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ARS Home » Midwest Area » Ames, Iowa » National Laboratory for Agriculture and The Environment » Soil, Water & Air Resources Research » Research » Publications at this Location » Publication #293855

Title: Temperature, global climate change and food security

item REDDEN, ROBERT - Department Of Primary Industries
item Hatfield, Jerry
item PRASAD, PV VARA - Kansas State University
item EBERT, ANDREAS - The World Vegetable Center (AVRDC) - Taiwan
item YADAV, SHAYAM - Government Of Islamic Republic Of Afghanistan
item O'LEARY, GARRY - Department Of Primary Industries

Submitted to: Temperature and Plant Development
Publication Type: Book / Chapter
Publication Acceptance Date: 8/18/2013
Publication Date: 9/15/2014
Citation: Redden, R.J., Hatfield, J.L., Prasad, P., Ebert, A.W., Yadav, S.S., O'Leary, G.J. 2014. Temperature, global climate change and food security. In: Franklin, K.A., Wiffe, P.A., editors. Temperature and Plant Development. Hoboken, NJ:Wiley-Blackwell. p. 181-202.

Interpretive Summary:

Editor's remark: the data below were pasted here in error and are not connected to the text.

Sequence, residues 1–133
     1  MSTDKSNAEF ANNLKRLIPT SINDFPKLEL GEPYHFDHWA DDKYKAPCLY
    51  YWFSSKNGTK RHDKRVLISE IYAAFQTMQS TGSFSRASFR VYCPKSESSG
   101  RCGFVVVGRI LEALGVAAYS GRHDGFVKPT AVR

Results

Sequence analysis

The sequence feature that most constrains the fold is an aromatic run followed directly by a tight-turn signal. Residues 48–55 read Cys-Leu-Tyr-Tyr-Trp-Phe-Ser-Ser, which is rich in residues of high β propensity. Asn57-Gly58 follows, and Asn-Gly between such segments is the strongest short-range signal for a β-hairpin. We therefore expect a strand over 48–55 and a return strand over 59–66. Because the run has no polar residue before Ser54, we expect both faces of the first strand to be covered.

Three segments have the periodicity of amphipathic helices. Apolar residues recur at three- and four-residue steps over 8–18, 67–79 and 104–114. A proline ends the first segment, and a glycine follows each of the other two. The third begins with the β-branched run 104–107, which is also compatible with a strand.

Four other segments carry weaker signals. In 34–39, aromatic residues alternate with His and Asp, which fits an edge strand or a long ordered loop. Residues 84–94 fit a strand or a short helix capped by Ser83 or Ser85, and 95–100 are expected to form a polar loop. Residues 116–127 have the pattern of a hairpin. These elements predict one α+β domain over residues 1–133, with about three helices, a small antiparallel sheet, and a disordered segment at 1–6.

Technical Abstract: Accelerated climate change is expected to have a significant, but variable impact on the world’s major cropping zones. Crops will experience increasingly warmer, drier and more variable growing conditions in the temperate to subtropical latitudes towards 2050 and beyond. Short-term (1-5 day) spikes of extreme weather may be hotter than previously experienced, occasional frosts during the reproductive period may be more frequent, and rainfall less dependable and more variable. More irregular and concentrated storms may increase flood damage to crops in the tropics. These predicted trends will create a production and food risk for subsistence farmers and for increasingly urbanised societies worldwide. To maintain and increase crop productivity in increasingly hostile environments, novel sources of genetic variation must be sought if crops are to adapt to climate change. There are large but little explored gene pools among wild relatives of crops, some readily available to the domestic gene pools through conventional hybridisation. More genetically distant relatives in the tertiary gene pool will require genetic engineering techniques for introgression of the desired major and quantitative genes. For traits that are difficult to phenotype, marker assisted selection will be important, especially within-gene or perfect markers. Often, wild relatives have survived on non-arable and marginal lands, in stressful environments. Because only a small part of this wide diversity was captured during the domestication of crops, there is a real likelihood that tolerance of extreme temperature, drought, and soil stresses can be found in the wild gene pools that have evolutionary history extending back hundreds of millennia and across very diverse environments. In contrast, the evolution of crops is relatively recent, comprising the last 1,000 – 11,000 years. Exploitation of genetic resources for tolerance of warmer global temperatures and associated extreme heat spikes during crop seasons will primarily depend on domestic landraces from extreme environments, followed by the selective filtering of desired genes from wild relatives.